45. 45. join count follow sequences (n times) join across databases All the above with a condition include certain properties include all propertiesThursday, 21 June 122nd thingWe only make use of minimal SPARQLAnd some of these aren’t even well supported in SPARQL(sequences + join across databases)
  46. 46. Materialised views, generated infrequently, read oftenThursday, 21 June 12Remember 90:10 read:updateView specifications based on a subset of SPARQLViews are for DESCRIBE like queries where all the data is broughtback in one hit (not tabular data)
  47. 47. { _id: "v_resource_brief", from: "CBD_harvest", type: "http://talisaspire.com/schema#Resource", include: ["rdf:type", "dct:subject", "dct:isVersionOf", "searchterms:usedAt", "dc:identifier"], joins: { "acorn:preferredMetadata": [], "acorn:listReferences": { include: ["acorn:list"] }, "acorn:bookmarkReferences": { include: ["acorn:bookmark"] }, "dcterms:isPartOf": [], "acorn:partReferences": { include: ["dct:hasPart"], joins: { "dct:hasPart": { joins: { "acorn:preferredMetadata": [] } } } } } }Thursday, 21 June 12A view specification - itself a document that can be stored inMongo8 keywords:type from include joinsttl followSequence maxJoins counts
  48. 48. Generated by incremental MapReduce when: 1) Data is changed 2) TTL expiresThursday, 21 June 12Tripod can take these specifications and manage views in aspecial collection within the DB.They expire and are regenerated automatically (andincrementally)Incremental map reduce inside the DBFast, interleaves with reads
  49. 49. > db.views.findOne() { "_id" : { "rdf:resource" : "http://talisaspire.com/examples/1", "type" : "v_resource_full" }, "value" : { "graphs" : [ { "_id" : "http://talisaspire.com/examples/1", "rdf:type" : { "type" : "uri", "value" : "http://talisaspire.com/schema#Resource" } } ], "impactIndex" : [ "rdf:resource" : "http://talisaspire.com/examples/1" ] } }Thursday, 21 June 12This is what a view looks likeID is a composite key of the view type and root resourceGraphs is a collection of CBDsMongoGraph we displayed earlier can take this and represent itas a unified graph to the applicationImpact index - A watch list of resources. When resources aresaved the impact index is queried to find views that needinvalidatingTTL is an alternative. If in viewspec timestamp is stored in view todetermine when it can be invalidated
  50. 50. 1 2 3 4 attributionThursday, 21 June 12Match views to data update rate
  51. 51. Core data format Tripod API Dealing with complex queries TripodTables Free text searchThursday, 21 June 12Tripod Tables are for larger datasets which cannot be broughtback in one hitThey can be paged or have individual columns indexed for fastsort capability
  52. 52. SELECT ?listName ?listUri! WHERE { ! ?resource bibo:isbn10 "$isbn" ! UNION ! { ! ! ?resource bibo:isbn10 "$isbnLowerCase" . ! } ! ?item resource:resource ?resource . ! UNION ! { ! ! ?resourcePartOf bibo:isbn10 "$isbn" . ! ! UNION ! ! { ! ! ! ?resourcePartOf bibo:isbn10 "$isbnLowerCase" . ! ! } ! ! ?resourcePartOf dct:hasPart ?resource . ! ! ?item resource:resource ?resource . } ?listUri resource:contains ?item . ?listUri sioc:name ?listName . ?listUri rdf:type resource:List } LIMIT 10 OFFSET 40Thursday, 21 June 12This is a select query that brings back a two col documentOFFSETLIMIT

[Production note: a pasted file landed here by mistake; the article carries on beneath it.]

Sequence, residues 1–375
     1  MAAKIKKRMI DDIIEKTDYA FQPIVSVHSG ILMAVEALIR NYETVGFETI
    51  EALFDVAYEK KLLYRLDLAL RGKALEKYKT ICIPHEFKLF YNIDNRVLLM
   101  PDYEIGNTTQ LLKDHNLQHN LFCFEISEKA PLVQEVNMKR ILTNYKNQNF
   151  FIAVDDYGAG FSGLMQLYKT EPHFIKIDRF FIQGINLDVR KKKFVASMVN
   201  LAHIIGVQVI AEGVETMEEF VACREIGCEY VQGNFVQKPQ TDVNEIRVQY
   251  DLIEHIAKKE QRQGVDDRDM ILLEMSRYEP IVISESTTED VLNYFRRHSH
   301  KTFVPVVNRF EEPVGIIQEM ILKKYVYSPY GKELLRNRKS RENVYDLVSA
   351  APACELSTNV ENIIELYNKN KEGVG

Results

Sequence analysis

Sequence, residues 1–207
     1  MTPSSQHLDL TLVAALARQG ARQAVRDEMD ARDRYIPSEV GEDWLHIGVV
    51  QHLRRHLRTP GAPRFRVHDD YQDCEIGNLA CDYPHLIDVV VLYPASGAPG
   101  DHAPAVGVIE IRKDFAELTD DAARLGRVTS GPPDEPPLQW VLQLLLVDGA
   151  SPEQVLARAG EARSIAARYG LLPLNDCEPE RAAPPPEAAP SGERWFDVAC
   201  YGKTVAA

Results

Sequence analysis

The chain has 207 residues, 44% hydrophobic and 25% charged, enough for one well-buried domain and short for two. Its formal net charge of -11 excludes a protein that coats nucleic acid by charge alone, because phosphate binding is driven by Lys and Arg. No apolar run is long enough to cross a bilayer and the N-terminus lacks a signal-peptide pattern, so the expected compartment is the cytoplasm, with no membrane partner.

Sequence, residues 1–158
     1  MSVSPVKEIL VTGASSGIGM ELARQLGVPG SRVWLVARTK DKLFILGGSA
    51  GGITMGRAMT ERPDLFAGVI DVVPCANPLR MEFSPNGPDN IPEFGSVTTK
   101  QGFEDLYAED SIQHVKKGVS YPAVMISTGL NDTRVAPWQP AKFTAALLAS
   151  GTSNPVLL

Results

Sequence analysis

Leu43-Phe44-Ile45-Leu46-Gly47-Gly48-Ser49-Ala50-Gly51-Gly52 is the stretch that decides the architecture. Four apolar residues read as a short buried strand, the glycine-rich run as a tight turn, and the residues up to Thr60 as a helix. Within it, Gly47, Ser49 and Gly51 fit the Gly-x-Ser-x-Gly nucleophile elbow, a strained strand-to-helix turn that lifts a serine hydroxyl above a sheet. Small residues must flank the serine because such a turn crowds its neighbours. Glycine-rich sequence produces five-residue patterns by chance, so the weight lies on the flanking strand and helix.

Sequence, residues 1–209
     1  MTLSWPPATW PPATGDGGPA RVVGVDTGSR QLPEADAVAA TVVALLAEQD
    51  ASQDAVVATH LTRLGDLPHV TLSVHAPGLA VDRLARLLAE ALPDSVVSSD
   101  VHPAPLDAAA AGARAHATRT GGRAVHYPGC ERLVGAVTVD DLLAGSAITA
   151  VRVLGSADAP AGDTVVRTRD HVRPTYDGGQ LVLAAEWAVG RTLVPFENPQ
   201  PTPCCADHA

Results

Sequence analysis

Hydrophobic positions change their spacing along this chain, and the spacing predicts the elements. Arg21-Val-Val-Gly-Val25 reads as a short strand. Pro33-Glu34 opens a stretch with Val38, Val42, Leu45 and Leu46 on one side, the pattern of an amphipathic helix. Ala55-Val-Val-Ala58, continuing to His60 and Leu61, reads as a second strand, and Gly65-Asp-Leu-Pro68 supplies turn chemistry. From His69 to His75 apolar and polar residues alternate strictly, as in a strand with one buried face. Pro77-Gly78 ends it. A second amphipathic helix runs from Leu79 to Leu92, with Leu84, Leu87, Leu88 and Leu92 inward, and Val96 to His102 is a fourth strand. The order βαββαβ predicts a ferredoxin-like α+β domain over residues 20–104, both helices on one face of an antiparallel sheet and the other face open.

53. 53. <?xml version="1.0"?> <sparql xmlns="http://www.w3.org/2005/sparql-results#"> ! <head> ! ! <variable name="label"/> ! ! <variable name="type"/> ! </head> ! <results> ! ! <result> ! ! ! <binding name="label"> ! ! ! ! <literal>Tropical grassland</literal> ! ! ! </binding> ! ! ! <binding name="type"> ! ! ! ! <uri>http://purl.org/ontology/wo/TerrestrialHabitat</uri> ! ! ! </binding> ! ! </result> ! ! <result> ! ! ! <binding name="label"> ! ! ! ! <literal>Grassy field</literal> ! ! ! </binding> ! ! ! <binding name="type"> ! ! ! ! <uri>http://purl.org/ontology/wo/TerrestrialHabitat</uri> ! ! ! </binding> ! ! </result> ! </results> </sparql>Thursday, 21 June 12SPARQL SELECT results - tabular format - here in XML
  54. 54. > db.t_resource.findOne() { "_id" : "http://talisaspire.com/resources/3SplCtWGPqEyXcDiyhHQpA-2", "value" : { "type" : [ "http://purl.org/ontology/bibo/Book", "http://talisaspire.com/schema#Resource" ], "isbn" : "9780393929690", "isbn13" : [ "9780393929691", "9780393929691-2", ! "9780393929691-3" ], "impactIndex" : [ "http://talisaspire.com/works/4d101f63c10a6", ] } }Thursday, 21 June 12This time our map reduce doesn’t create one doc as withmaterialised viewsWe get one doc per row
  55. 55. Core data format Tripod API Dealing with complex queries TripodTables Free text searchThursday, 21 June 12Our triple store included free text searchWe wanted to stream updates into Elastic Search or A N Othersearch solutionWhen documents saved, same specification language used tobuild Search Document Format docs and submit them to anendpointWe like ElasticSearch but you could use Amazon CloudSearch
  56. 56. LimitationsThursday, 21 June 12Map Reduce as a non-blocking db.eval() and also to work aroundsync PHP programming modelPHP only for now - our web apps were PHPTo get a SPARQL endpoint we are exporting data out to Fueski -solved the mapping not the currency (for SPARQL)
  57. 57. FutureThursday, 21 June 12Node JS portUse as a server not a libraryEliminate dependancy on map reduceSpecification version controlTap into op log for stream approach into Fuseki and otherlocationsNamed graph supportFurther optimisation of data modelMaybe open source
  58. 58. That’s itThursday, 21 June 12
  59. 59. Questions? Find us on: Web: talisaspire.com Twitter: @talisaspire YouTube: youtube.com/user/TalisAspire Facebook: facebook.com/talisaspire Support: support.talisaspire.comThursday, 21 June 12
  60. 60. Find us on: Web: talisaspire.com Twitter: @talisaspire YouTube: youtube.com/user/TalisAspire Facebook: facebook.com/talisaspire Support: support.talisaspire.comThursday, 21 June 12